Turkey experienced a wave of ISIS attacks in 2015 and 2016, which helped the AKP gain support by promoting itself as a source of stability. One of the largest attacks occurred in June 2016, when three men killed more than 40 people at Istanbul’s Ataturk airport. More than 200 were injured. No group immediately claimed credit for the attack, but Turkish officials said they had strong evidence that ISIS leadership was involved in planning the attack. The attackers were reportedly from Russia, Uzbekistan and Kyrgyzstan.

                         Egypt
 

Freedom and Justice Party (Muslim Brotherhood)
 

Egypt was the birthplace of the Muslim Brotherhood, the world’s largest Islamist movement with more than 80 branches worldwide. The Brotherhood had little influence in politics until the Arab Spring in 2011, when it launched the Freedom and Justice Party (FJP), led by Mohammad Morsi. The party won 43.4 percent of the vote in the 2011 parliamentary elections, and Morsi was elected president in 2012.

But public opposition mounted against Morsi, and in July 2013, the military removed Morsi as president following mass protests. In 2014, Egypt’s High Administrative Court banned the Brotherhood and declared it a terrorist organization.

Crackdowns on the Brotherhood have intensified since President Abdel Fattah al Sisi took office in June 2014. On May 30, 2016, a court sentenced Brotherhood leader Mohamed Badie and 35 others to life in prison for involvement in clashes with security forces in 2013 following Morsi’s ouster. In 2016, the government celebrated the anniversary of Morsi’s ouster with a new national holiday.

The FJP has supported Sharia as a source of legislation. But it advocated for a civil state as opposed to a theocracy. Its members hold conservative views on women, minorities, and personal freedoms, but the Brotherhood has historically accepted the basic tenets of democracy.

Nour Party
 

Although Salafis have not traditionally participated in Egyptian politics, they formed the Nour party in 2011 and participated in elections. The Nour Party won 27.8 percent of the vote in the 2011 elections, as part of a coalition with two smaller Islamist parties. By 2016, it had survived by backing President Sisi. But the strategy caused the party to lose support among its base. It was the only Islamist party to field candidates in the 2015 parliamentary elections. It won only 12 out of 596 seats, compared to 121 seats it had won in 2011.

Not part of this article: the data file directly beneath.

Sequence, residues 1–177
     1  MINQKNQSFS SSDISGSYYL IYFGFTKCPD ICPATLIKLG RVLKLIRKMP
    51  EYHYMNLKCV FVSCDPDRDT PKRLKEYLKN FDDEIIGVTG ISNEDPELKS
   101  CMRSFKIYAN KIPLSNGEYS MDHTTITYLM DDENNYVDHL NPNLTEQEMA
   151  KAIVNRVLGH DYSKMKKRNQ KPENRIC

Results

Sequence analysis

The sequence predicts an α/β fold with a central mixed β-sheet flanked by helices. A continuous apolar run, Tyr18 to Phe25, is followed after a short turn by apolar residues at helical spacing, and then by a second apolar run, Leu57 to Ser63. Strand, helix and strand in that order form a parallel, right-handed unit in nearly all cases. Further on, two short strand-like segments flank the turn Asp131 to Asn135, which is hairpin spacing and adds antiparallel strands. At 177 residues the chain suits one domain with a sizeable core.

The Nour Party is socially conservative and calls for the gradual implementation of Sharia. It officially supports democracy and calls for a civil state. Some of its leaders, however, have said that democracy is a form of apostasy.

Islamic State
 

Militant Islamist groups have operated in Sinai for years, but the violence has escalated since ISIS declared its caliphate in 2014. One of the strongest Sinai-based militant groups, Ansar Beit al Maqdis, became an affiliate of ISIS in November 2014, changing its name to Sinai Province. Since then, it has claimed responsibility for a slew of attacks that have spread to major Egyptian cities.

The decision to ally with ISIS caused a rift in the organization, causing some fighters to defect to al Qaeda-linked groups. Sinai Province leaders have declared these offshoots apostates, but has also occasionally collaborated with them.

Sinai Province receives funding and sophisticated weaponry from ISIS. It is reportedly one of the most effective affiliates.

                         Yemen

Islah (Yemeni Congregation for Reform)
 

The Yemeni Congregation for Reform (Islah) was founded in 1990. The party is the political arm of the Muslim Brotherhood. Islah has been in and out of government since it was founded, sometimes allying with leftist opposition parties. After Yemen’s government was ousted by Houthi rebels in 2014, Islah backed Saudi airstrikes against the Houthis. It supports the restoration of Yemeni President Abd Rabbuh Mansour Hadi, who was driven out of Sanaa in 2014. By 2016, most of Islah’s senior leadership was in exile. 

Islah seeks social reform based on Islam. It allows women to participate in politics. Several prominent women, such as the 2011 Nobel Peace Prize winner Tawakol Karman, have held party leadership positions. But grassroots elements of the party would prefer women to remain in more traditional roles.

Houthis
 

The Houthis are a large clan originating from Yemen’s northwestern Saada province. They practice the Zaydi form of Shiism. Houthi insurgents have clashed with Yemen’s Sunni government for more than a decade. Since 2011, the Houthi movement has expanded beyond Zaydis, becoming a wider movement opposed to President Hadi. The Houthis took over Sanaa in September 2014.

A Saudi-led air campaign against the Houthis began in March 2015, but after more than a year the efforts had failed to dislodge them. Hadi’s government and the Houthis entered peace talks in Kuwait, but as of August 2016 the parties had not reached an agreement.